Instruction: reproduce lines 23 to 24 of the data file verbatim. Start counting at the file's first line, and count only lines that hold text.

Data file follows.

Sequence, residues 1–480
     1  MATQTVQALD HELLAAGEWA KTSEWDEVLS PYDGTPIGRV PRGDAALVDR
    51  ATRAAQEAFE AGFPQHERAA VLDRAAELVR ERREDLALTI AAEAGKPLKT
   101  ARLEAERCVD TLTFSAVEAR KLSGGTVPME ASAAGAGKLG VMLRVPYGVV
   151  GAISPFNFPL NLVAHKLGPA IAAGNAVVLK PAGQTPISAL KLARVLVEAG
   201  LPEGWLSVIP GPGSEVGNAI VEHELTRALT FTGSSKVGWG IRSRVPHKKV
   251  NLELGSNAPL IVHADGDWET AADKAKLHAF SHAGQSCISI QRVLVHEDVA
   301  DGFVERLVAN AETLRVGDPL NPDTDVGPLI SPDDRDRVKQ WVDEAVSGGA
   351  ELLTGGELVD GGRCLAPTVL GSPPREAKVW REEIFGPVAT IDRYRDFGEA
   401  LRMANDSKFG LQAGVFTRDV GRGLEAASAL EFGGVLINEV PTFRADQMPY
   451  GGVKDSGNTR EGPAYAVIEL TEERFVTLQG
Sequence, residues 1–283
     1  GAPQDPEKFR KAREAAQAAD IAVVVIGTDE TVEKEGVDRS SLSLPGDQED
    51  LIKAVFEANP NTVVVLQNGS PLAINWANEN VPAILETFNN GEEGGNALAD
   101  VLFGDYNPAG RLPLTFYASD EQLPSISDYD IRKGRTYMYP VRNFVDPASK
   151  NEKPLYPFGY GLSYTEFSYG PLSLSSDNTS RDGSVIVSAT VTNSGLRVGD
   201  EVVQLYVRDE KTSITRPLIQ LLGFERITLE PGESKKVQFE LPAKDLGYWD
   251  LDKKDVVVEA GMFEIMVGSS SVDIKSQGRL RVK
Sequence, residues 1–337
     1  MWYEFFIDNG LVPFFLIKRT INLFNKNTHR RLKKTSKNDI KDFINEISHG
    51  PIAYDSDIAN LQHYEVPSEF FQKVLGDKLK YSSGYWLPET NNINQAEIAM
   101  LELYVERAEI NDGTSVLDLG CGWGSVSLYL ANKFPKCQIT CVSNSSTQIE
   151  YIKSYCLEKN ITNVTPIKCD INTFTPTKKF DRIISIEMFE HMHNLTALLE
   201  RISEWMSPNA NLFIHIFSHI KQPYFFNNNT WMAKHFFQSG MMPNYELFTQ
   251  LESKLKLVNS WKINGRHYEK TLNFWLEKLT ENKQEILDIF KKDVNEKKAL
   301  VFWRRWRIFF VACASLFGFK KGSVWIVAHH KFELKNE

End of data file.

   151  YIKSYCLEKN ITNVTPIKCD INTFTPTKKF DRIISIEMFE HMHNLTALLE
   201  RISEWMSPNA NLFIHIFSHI KQPYFFNNNT WMAKHFFQSG MMPNYELFTQ